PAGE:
Sanson doesn’t know what to say, merely stands beside the White Walker and waits while the waves thunder and the wind howls. Soon a shadowy crescent comes into view and then its sail. It is a simple vessel, easily piloted by one man. There is a figure slumped at the tiller. As the boat touches ground, Sanson can hear the sound of coughing, loud and coarse, sickly.
Fodor moves to claim the vessel. Sanson follows, feeling guilty for such disrespect. The pilot is obviously too ill to save. Blood trickles out of the corners of his mouth, staining his gray beard and shirt.
Sanson tries laying his hand on the dying man, wondering if whatever power has brought him back can restore the pilot to health, but nothing happens. Soon the pilot wheezes horribly and a prolonged gasp escapes between his blood-stained lips.
He is dead.
“We should bury him.”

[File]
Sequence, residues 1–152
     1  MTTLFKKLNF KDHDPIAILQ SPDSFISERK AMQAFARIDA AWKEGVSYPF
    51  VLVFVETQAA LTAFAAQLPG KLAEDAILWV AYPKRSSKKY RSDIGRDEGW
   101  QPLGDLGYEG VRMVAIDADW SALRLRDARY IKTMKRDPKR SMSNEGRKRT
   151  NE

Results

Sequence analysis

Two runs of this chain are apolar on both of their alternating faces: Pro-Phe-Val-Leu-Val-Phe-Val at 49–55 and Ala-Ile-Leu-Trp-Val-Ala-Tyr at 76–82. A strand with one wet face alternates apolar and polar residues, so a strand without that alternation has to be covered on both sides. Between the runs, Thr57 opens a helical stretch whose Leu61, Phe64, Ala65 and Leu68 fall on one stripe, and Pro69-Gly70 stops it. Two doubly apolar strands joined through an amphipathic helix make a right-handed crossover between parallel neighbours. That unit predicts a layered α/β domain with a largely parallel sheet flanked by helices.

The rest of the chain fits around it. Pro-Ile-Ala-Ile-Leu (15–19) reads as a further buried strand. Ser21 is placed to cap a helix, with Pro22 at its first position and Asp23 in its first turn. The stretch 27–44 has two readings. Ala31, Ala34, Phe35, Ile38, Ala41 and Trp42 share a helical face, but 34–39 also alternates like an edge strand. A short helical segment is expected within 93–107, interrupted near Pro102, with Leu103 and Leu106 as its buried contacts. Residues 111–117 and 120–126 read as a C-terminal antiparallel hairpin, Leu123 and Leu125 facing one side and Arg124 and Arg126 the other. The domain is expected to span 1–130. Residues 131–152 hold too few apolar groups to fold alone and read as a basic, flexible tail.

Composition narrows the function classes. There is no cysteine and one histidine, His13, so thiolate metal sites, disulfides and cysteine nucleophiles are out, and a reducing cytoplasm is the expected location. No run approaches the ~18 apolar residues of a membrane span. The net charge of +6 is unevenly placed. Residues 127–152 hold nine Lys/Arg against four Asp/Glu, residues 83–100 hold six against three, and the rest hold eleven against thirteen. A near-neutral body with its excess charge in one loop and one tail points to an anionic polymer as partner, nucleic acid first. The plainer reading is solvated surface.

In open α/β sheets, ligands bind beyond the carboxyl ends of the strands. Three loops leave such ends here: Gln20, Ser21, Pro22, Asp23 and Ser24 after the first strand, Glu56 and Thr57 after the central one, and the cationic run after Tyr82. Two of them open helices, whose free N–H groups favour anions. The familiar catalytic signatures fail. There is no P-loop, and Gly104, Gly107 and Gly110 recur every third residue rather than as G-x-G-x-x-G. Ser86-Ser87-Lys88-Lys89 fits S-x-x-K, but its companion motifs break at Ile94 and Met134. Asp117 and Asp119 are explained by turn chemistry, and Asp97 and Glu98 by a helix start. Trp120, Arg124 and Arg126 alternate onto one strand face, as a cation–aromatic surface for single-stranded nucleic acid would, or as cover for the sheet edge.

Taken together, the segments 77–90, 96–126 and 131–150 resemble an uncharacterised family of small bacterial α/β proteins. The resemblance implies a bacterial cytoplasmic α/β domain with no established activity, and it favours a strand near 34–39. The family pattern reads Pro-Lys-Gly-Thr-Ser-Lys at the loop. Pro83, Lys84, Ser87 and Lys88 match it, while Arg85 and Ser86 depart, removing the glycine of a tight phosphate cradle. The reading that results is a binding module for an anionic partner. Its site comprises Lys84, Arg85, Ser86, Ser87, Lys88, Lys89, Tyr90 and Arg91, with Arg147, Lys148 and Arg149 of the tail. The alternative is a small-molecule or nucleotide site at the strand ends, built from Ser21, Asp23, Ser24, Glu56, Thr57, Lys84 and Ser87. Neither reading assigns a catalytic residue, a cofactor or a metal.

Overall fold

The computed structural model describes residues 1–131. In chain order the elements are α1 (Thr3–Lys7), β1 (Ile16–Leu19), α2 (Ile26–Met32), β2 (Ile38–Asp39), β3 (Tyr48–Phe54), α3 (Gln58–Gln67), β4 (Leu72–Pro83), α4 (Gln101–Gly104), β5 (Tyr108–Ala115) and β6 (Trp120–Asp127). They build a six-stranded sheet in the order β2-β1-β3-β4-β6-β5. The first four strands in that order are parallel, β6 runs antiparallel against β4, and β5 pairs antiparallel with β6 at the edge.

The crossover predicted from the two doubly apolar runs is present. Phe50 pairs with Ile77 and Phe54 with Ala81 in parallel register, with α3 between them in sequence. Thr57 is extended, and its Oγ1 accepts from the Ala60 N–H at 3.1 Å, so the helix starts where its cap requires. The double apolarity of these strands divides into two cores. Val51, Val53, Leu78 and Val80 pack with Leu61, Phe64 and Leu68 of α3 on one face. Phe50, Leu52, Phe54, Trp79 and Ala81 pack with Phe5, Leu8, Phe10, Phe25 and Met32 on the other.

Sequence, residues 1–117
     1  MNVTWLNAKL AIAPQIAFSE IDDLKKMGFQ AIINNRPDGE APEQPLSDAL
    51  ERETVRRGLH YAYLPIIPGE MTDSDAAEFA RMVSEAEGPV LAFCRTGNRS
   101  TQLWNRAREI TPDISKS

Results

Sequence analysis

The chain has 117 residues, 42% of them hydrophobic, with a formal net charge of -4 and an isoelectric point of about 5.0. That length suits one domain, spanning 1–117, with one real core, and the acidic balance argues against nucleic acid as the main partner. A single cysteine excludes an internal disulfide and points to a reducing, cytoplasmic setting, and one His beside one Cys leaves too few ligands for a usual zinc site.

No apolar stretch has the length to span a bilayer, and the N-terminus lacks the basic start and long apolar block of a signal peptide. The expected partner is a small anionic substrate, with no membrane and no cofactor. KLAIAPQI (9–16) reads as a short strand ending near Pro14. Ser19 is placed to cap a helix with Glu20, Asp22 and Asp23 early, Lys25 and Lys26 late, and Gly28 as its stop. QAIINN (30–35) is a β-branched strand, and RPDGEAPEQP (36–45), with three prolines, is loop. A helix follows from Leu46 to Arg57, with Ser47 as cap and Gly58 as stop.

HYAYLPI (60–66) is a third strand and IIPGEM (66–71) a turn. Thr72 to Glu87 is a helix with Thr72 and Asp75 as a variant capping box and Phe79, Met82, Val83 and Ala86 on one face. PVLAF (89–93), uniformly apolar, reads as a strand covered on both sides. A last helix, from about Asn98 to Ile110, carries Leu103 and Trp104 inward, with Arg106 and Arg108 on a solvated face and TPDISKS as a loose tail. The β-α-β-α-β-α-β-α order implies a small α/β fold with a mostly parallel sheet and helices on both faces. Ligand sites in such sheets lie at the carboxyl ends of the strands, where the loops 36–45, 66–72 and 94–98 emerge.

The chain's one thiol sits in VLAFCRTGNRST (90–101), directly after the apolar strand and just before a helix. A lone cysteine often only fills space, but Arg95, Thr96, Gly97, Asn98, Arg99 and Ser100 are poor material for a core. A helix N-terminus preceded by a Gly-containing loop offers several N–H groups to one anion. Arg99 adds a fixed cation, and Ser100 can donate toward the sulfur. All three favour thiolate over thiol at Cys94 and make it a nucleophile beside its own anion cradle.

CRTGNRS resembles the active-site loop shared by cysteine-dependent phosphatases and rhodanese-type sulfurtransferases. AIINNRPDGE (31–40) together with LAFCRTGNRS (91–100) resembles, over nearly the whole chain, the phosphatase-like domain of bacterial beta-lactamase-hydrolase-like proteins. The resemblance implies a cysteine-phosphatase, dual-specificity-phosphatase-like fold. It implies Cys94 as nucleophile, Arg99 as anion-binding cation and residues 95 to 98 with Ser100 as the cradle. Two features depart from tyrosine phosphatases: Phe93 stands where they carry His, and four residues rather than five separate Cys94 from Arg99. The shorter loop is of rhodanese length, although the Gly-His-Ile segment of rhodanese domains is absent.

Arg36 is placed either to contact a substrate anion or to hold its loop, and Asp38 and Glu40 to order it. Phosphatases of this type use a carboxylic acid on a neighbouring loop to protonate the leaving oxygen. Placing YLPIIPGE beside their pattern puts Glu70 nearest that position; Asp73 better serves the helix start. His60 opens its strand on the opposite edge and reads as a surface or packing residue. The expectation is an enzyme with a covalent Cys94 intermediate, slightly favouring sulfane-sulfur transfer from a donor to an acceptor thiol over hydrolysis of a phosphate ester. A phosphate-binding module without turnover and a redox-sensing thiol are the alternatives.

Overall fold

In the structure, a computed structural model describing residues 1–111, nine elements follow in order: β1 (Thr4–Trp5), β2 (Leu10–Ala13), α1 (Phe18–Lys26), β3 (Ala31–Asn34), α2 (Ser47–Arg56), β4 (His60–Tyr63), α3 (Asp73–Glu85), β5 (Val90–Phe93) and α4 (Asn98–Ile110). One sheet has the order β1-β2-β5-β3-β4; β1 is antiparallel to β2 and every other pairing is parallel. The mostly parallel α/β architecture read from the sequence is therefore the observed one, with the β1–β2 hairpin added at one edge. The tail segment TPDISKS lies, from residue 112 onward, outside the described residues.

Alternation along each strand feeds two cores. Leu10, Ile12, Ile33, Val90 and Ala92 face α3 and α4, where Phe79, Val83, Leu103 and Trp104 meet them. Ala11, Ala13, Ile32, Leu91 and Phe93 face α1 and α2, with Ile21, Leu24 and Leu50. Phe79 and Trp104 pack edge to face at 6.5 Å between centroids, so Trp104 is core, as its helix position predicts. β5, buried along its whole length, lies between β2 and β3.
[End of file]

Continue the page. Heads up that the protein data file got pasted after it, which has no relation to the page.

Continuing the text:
No. Let the sea have him.
Before Sanson can stop the Walker, Fodor heaves the now lifeless corpse into the water. Sanson grabs the man’s cloak at the last minute, saving it from sinking along with the corpse.
“Put this on. Please, Fodor. Others will fear you and merely bar our passage.”
By your command, Exalted One.
“I wish you would stop using all these titles.”
What shall I call you then?
“Just Sanson.” Sanson touches his chest then he touches Fodor’s chest, covered now by the dead man’s cloak. “I’m Sanson. You’re Fodor. That should be enough.”
Fodor nods but does not speak. The creature sits where the pilot had been at the tiller and steers the vessel back out to sea.
The water churns and splashes. Overhead, the gulls soar, occasionally crying meekly as the skiff sails steadily by. Fodor catches fish and fries them with its strange fire. It does not eat anything itself but merely provides them to Sanson.
“Thank you, Fodor. I do not know that I have ever had such a companion.”
Fodor merely gazes rigidly back into the gray mists and currents that surround them, steering the ship on its course south, along the coast of Westeros. When they reach Blazewater Bay, other ships join them. Some of the sailors cry out to them but most ignore them, busy with their own tasks and journeys.